Pin Hole Cameras – A do it yourself guide – Chris Keeney
Chris’s book gives detailed instructions on how to make a whole range of pinhole cameras from items that you can find lying around the home. ( To be fair you also need to buy quite a few bits but the camera bodies can be made from things you already own.)
It includes an introduction on why he loves pinhole, a brief history of the pinhole camera and then a couple of short chapters that give brief, concise information on the film or paper to use, how to actually make a good, usable pinhole and the right equipment to do so. The rest of the book is divided into ‘Camera How-To Exercises’, detailed explanations of how to make 8 different pinhole cameras including an SLR pinhole. At the end there’s a small gallery of images and a very brief description of darkroom techniques. All the chapters are illustrated with good ‘step-by-step’ photographs which is good as I feel that without them some of the explanations are a little confusing.
He doesn’t go into detail about how to work out exposure times and how to precisely measure a pinhole, other than scanning it and measuring in Photoshop (which is fine if you have a scanner) instead he suggests that you use the online resources available, which is fair enough as there is a lot of information out there.
The things I found most useful were tips about using 600 or 1000 grit sandpaper (available from most auto supply stores apparently, I’ll let you know how available it is when I’ve got my hands on some) to sand rough edges off the back of your pin hole, which needs to be round to give you a sharp images. Also he suggests what needle sizes are best to achieve a usable pin hole. Beading needles will give the smallest holes as they are the thinnest and these can be bought from a good haberdashers and measure about 0.4mm in diameter.
I was a little frustrated by the lack of information in this chapter as after reading it I was still not sure which needle would give the right size pin hole for the focal length of my camera but I suppose it gave me a better idea where to start.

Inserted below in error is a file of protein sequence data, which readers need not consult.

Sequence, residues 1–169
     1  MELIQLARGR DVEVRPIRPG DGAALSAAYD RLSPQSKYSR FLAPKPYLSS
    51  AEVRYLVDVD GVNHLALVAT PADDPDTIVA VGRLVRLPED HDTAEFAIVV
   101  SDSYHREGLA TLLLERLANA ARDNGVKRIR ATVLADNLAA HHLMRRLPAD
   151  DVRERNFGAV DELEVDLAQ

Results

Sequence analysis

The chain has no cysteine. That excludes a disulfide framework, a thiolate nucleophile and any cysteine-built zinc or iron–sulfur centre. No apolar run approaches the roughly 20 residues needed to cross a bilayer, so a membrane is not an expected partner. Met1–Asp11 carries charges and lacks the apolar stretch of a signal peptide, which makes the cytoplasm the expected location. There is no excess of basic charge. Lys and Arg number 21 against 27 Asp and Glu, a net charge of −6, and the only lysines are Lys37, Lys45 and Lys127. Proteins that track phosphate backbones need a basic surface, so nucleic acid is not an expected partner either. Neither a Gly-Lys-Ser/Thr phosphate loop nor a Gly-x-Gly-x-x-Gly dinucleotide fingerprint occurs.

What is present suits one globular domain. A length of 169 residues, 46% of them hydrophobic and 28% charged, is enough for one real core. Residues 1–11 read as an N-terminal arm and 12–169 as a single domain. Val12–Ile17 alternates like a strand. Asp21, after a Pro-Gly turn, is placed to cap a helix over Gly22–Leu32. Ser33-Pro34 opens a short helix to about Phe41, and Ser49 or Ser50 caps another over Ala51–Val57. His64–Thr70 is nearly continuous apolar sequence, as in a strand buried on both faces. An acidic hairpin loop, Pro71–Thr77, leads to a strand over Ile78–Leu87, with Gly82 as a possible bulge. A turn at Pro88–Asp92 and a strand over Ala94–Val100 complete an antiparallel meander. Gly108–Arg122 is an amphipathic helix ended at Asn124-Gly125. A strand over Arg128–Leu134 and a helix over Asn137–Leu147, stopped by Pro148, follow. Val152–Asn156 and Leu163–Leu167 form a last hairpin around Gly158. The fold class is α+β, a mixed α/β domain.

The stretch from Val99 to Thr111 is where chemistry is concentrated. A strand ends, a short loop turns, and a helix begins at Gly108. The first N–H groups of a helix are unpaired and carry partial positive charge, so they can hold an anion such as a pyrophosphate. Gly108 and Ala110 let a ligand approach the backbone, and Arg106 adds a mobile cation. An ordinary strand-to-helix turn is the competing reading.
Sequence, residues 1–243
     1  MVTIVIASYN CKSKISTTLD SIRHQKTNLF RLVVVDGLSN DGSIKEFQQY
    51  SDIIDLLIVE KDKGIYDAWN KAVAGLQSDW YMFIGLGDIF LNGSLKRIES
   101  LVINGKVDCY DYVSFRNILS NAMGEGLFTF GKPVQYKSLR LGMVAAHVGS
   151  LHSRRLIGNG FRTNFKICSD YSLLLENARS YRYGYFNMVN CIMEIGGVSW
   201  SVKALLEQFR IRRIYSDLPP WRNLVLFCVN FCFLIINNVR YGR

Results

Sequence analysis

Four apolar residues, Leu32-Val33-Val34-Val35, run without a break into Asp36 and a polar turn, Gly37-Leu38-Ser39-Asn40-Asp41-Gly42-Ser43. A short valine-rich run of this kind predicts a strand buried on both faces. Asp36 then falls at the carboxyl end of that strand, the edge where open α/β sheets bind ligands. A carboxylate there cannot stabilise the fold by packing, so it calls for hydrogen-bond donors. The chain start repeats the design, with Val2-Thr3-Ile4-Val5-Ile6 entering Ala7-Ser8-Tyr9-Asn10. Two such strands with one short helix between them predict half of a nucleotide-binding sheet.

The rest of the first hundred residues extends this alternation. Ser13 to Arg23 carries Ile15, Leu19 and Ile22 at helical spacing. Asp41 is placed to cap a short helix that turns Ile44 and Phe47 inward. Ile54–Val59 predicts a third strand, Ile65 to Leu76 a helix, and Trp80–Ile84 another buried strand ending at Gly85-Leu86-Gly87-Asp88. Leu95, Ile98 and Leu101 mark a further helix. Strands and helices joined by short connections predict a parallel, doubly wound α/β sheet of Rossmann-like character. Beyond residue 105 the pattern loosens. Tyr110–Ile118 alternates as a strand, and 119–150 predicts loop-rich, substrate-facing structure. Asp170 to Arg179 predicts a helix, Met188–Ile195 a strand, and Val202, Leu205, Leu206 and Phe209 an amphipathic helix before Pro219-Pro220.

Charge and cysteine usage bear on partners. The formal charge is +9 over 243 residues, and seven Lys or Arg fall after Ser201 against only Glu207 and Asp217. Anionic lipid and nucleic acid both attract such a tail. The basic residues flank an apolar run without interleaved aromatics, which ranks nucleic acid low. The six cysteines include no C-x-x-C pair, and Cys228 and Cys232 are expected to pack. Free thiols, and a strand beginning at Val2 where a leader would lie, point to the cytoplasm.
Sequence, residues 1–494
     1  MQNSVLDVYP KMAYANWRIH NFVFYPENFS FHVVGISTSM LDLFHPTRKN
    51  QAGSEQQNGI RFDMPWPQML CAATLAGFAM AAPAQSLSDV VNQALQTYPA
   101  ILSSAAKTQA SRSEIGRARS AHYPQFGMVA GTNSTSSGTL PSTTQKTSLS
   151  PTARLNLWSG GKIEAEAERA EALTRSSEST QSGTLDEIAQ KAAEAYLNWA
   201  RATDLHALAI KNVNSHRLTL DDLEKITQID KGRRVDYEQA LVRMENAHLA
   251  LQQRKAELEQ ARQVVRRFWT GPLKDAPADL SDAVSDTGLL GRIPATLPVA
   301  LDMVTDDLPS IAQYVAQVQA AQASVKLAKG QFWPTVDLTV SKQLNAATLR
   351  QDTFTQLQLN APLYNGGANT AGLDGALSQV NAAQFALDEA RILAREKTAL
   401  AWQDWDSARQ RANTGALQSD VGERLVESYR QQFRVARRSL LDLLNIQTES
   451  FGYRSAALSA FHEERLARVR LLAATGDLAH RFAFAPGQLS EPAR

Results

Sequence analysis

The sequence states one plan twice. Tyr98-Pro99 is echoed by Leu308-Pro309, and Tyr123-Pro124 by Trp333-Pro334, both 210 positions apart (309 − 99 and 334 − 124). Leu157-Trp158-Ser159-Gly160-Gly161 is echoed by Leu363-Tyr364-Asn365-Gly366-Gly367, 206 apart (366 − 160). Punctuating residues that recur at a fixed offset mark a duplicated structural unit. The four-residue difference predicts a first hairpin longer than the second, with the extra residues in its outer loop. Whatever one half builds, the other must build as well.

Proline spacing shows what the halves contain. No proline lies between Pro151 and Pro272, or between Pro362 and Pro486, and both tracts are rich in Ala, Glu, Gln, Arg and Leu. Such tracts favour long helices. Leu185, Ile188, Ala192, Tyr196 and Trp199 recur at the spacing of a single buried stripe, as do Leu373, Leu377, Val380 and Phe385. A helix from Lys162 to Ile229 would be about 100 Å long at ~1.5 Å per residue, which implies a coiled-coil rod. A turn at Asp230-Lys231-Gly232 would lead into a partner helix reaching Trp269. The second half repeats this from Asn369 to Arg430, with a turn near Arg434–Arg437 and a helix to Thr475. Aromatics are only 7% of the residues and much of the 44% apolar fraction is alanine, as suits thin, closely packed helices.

I looked Chris up on the internet and discovered that he has a website where he has created an incredible list of pinhole resources as well a huge list of other pinhole photographers working around the world. There’s some really amazing stuff on there and it’s well worth a look.
Lo-Fi Photo Fun – Adam Bronkhurst
Adam’s book covers a huge range of photographic techniques, cameras, experiments and projects. His passion for experimental photography is clearly evident and slightly infectious :-). I’m sure that I will refer to this book in future posts but today I’m just going to concentrate on the section on pinhole.
In different parts of the book he describes how to convert your Holga and SLR into pinholes as well as how to make a cookie tin pinhole camera. There is also information on Solargraphy using beer can and film canister pinhole cameras.
What I like about Adam’s book is that, similar to Chris’s, there isn’t page after page of mind boggling information. Instead you get a small gallery that shows good examples of each experiment followed by clear concise information including the ‘what’ and ‘how’ of each technique backed up by useful bits of additional information. I feel it gave just enough information to get you started and encouraged me to then go and research it further.
Under ‘Pinhole Basics’ there is an F-stop and exposure calculation chart which I found very useful. You don’t need to be a NASA scientist to decipher it and most importantly it includes the needle sizes required to make a specific diameter hole!! So in theory I now know that if my Coffee Can camera is roughly 5.5″ long (that’s the focal length) then I should use a size 10 needle to make a 0.45mm hole which gives an f-stop of f/280. I can then work out rough exposure times from the ‘Exposure Times’ chart.
I hope you’ve found this useful and if you can suggest any other books that I might find interesting then please get in touch or leave a comment below, I’m always happy to hear your thoughts.